🧊Kubernetes Cluster Node

How to run Coretex worker node on a third party Kubernetes cluster managed by you for a maximum and transparent cost control, cloud-agnostic and private environments

Why Kubernetes?

Kubernetes has been an industry standard for many years now when it comes to elastic, scalable compute resources. Many teams use it for dynamically allocating expensive short-lived containers to ML engineering team members on demand for model training. It is heavily used for inference endpoints as well, i.e. in KServe.

The beauty of Kubernetes as a container orchestration platform is it abstracts away the underlying infrastructure (computers, networking, and so on). All major cloud providers have their Kubernetes Engine: Amazon Elastic Kubernetes Service (EKS), Azure Kubernetes Service, Google Kubernetes Engine, just to name a few. You can set up your own local, on-premise, air-gapped Kubernetes cluster if you will, and the deployment process would not change at all. Without the loss of generality, in this guide we'll set up our nodes on DigitalOcean.


  1. You have a valid Coretex account. Create one for free here.

  2. You have installed kubectl, the CLI tool for managing Kubernetes clusters. Get it here.

  3. (Optional) You have installed doctl, the CLI tool for managing Digital Ocean infrastructure. Get it here.

  4. You have a valid Digital Ocean account.

Create your Kubernetes cluster

The first step is to create a Kubernetes cluster control plane by logging into Digital Ocean dashboard, choosing Kubernetes on the left hand menu and clicking Create.

Most of the default cluster settings will do well for our purpose, but usually this is the moment where you would choose the balance of your infrastructure costs vs. the capability. You can choose between fixed amount of instances or use the autoscaler, setting the min and max instance count. You can also choose the instance type which suits your application the most, specifically choosing the amount of vCPUs and RAM each instance in the node pool will have.

Bear in mind this step will incur charges. Make sure to decommission your resources after use to control costs.

Once you cluster is provisioned, you should set up your local kubectl to talk to your neqwly created cluster. This is usually done by downloading the .yaml config file, but if you have doctl installed Kubernetes will give you a bash one-liner you can copy paste into your terminal, so it will take care of setting up your kubectl to talk to the cluster for you.

After successful cluster connection you should see an output like this in your console:

Now each standard kubectl command will be executed against your cluster. We're ready to deploy our Coretex worker nodes there!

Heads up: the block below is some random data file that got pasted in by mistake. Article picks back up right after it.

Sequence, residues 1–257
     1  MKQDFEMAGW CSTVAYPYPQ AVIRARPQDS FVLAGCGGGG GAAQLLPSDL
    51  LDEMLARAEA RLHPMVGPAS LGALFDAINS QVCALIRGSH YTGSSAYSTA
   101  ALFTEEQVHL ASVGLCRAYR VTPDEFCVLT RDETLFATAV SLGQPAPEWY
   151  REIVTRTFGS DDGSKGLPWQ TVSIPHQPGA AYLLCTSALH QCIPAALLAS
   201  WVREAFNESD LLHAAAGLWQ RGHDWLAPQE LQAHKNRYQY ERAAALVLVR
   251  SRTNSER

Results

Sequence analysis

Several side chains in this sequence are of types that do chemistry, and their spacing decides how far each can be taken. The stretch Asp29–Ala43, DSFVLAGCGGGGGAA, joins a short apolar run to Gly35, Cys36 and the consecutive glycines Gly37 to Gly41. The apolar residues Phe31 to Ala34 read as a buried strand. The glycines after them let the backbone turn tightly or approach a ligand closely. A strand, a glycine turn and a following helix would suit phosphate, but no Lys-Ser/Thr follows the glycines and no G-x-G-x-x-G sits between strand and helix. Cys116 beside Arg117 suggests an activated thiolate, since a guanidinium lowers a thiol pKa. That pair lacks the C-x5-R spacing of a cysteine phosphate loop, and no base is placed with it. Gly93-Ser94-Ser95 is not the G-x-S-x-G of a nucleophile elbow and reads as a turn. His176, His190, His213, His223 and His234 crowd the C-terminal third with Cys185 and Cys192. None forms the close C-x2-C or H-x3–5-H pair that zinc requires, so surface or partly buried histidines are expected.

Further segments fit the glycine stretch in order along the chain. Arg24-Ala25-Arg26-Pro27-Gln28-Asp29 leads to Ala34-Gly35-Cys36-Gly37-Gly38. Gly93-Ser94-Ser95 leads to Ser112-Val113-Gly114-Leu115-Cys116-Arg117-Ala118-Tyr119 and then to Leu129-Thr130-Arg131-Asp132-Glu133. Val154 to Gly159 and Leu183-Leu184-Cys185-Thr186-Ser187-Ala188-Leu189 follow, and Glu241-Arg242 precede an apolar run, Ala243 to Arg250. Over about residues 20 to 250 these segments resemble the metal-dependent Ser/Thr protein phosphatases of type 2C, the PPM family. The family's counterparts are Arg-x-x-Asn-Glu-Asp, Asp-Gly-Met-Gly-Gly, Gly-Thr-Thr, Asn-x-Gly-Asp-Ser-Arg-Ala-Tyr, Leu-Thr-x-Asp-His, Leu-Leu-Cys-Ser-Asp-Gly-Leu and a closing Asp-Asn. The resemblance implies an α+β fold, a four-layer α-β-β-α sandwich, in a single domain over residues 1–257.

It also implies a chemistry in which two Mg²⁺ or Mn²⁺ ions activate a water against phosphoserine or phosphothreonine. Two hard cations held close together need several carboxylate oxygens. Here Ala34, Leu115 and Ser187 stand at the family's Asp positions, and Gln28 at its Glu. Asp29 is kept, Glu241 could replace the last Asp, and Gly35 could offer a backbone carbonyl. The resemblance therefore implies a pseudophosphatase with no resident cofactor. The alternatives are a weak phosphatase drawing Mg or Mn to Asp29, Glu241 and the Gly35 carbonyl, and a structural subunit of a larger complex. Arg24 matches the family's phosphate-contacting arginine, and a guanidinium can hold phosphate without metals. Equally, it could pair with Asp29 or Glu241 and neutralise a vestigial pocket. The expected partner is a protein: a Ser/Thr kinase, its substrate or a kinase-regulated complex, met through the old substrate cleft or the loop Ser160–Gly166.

Deploying nodes as pods

Containers (known as "pods" in Kubernetes) are defined and spawned using Kubernetes Deployments, usually defined in a .yaml configuration file. This file describes various things about the service you want Kubernetes to run, such as:

  • required resources (vCPU, RAM)

  • Docker image to run

  • network settings and port mappings

  • number of replicas

  • ...

You can download the official Coretex Node Kubernetes Deployment YAML file on this link:


The next thing would be applying the Deployment defined in node_deployment_template.yaml file you just downloaded:

kubectl apply node_deployment_template.yaml

But before doing that, if you inspect the deployment configuration you'll notice the Coretex Node registration protocol requires username and password encoded as base64 strings, so to streamline this process our team has provided a simple bash script to ask the user for their credentials and generate a node_deployment.yaml for you automatically, with proper base64 encoded credentials.

Download this setup script into the same folder where node_deployment_template.yaml is:


Running it and providing necessary input you should see something like this:

Now we are ready to apply the deployment and actually create our Coretex Nodes:

If everything went well, your nodes should be visible in Coretex Web UI, under the Nodes tab from the left-hand menu.

Changing the number of nodes

Assuming you have sufficient amount of hardware resources in your pool, you could change the number of replicas in the node_deployment.yaml file to parallelise your runs or inference. The only thing you need to do is change the number of replicas from 1 to 3 for instance and re-apply the deployment. There should be 3 nodes available for executing your runs or to be set up as inference endpoints, automatically load-balanced by Coretex infrastructure.

Full support for Kubernetes integration is coming to Coretex CLI. Essentially, it will wrap and automate the steps outlines in this guide to simplify cluster management for you - there will be no need to manually download any files nor run any bash commands.

Make sure to destroy resources you don't use and consult the pricing of Kubernetes service you're using. Control plane usually fixed rate charge even with no/minimum node pools.

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